With the peace process, communities in regions dominated by the former FARC were able to live peacefully for a time. However, before the promises of post-conflict, new armed groups arrived and violence returned.
In less than four years, the JEP has made more than 50,000 judicial decisions, which controverts many of the criticisms made by sectors adverse to this transitional justice scenario. VerdadAbierta.com spoke with various actors who intervene before this body to know their assessment.
For more than 50 years, this country suffered a bloody armed conflict between the security forces, paramilitary armies, subversive groups and organized crime networks. The result was death, pain and destruction throughout the country; the worst part was borne by the civilian communities. The Truth Commission has the challenge of clarifying what happened so that it does not happen again.
Relatives of victims consider that in order to achieve greater results, its internal organization, the requirements for prospecting and exhumations, and to act beyond search requests must be modified. In the meantime, the entity is dealing with two restrictions: the Covid-19 pandemic and the worsening of the armed conflict.
Jesuit priest Francisco De Roux presides over the Truth Clarification Commission, an entity to which the Peace Agreement assigned, among several tasks, to produce a report that gives an account of the causes of the armed conflict in Colombia and the impacts it produced throughout half a century, in order to avoid repeating that tragic chapter.
One of the most applauded points of the Peace Agreement with the FARC is its gender focus. Despite being the first peace pact in the world to include it, five years later there is very little to celebrate since only 20 percent of what was agreed has been implemented.
After overcoming multiple obstacles, the Afro-descendant and indigenous communities managed to include a set of guarantees in the Peace Agreement to protect their rights and ensure that their territories would not be affected by the implementation of post-conflict policies. Five years later, progress is practically nil, with a few exceptions.
The situation of leaders and ethnic authorities in Colombia has not been the most favorable since the Colombian State signed the Peace Agreement with the now defunct FARC guerrillas five years ago. They face multiple risk scenarios in their daily work on behalf of the most vulnerable communities. The grueling reality they face is far […]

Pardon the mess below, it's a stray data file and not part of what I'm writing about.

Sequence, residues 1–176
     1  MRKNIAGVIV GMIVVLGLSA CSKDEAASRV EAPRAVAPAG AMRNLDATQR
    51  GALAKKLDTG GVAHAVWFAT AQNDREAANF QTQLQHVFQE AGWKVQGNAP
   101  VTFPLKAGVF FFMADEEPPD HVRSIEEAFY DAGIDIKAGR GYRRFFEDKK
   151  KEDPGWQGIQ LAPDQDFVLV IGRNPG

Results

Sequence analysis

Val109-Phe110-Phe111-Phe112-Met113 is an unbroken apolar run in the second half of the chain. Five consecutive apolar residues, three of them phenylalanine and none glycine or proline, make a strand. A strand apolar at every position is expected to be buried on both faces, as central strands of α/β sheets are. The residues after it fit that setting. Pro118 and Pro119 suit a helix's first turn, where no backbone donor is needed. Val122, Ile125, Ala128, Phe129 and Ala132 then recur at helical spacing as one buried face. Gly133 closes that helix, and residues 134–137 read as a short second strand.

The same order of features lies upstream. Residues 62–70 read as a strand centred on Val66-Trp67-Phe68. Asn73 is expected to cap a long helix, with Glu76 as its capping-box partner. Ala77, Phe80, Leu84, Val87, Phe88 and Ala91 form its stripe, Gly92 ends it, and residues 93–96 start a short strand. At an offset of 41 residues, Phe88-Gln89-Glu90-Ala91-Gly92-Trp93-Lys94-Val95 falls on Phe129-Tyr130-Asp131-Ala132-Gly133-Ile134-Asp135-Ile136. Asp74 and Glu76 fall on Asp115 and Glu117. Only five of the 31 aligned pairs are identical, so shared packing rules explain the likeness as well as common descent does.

Since the signing of the Peace Accord, on average, every six days a member of the former FARC guerrillas who had laid down their arms and were in the process of reincorporating into legal life have been murdered. They bet on reconciliation, but the State, critics say, failed to protect them.
One of the achievements of the Peace Accord was the disarmament and demobilization of at least 14,000 former FARC combatants. However, the promises of a much calmer and more productive life in legitimacy face multiple obstacles to become a reality. Five years later, versions of their progress clash.
The national government is reiterative in showing the great investment it has made to develop the program for the substitution of coca leaf crops for illicit use, but the communities question the manner and time in which these resources have been allocated. Drop after drop does not guarantee that the peasants will get out of illegality, they say in several regions of the country.
The non-payment of simple works and the marginalization of the communities that participated in the construction stages of the Development Programs with a Territorial Approach, put the future of this initiative, which seeks to settle the socioeconomic debts with the regions most affected by the armed conflict, in trouble.
The implementation of the Peace Agreement has been full of ups and downs and adversities. At the end of its first five years, although there are points to highlight, the feeling for those who are its raison d’être is bittersweet: those most affected by the war are still waiting for what was promised to be fulfilled.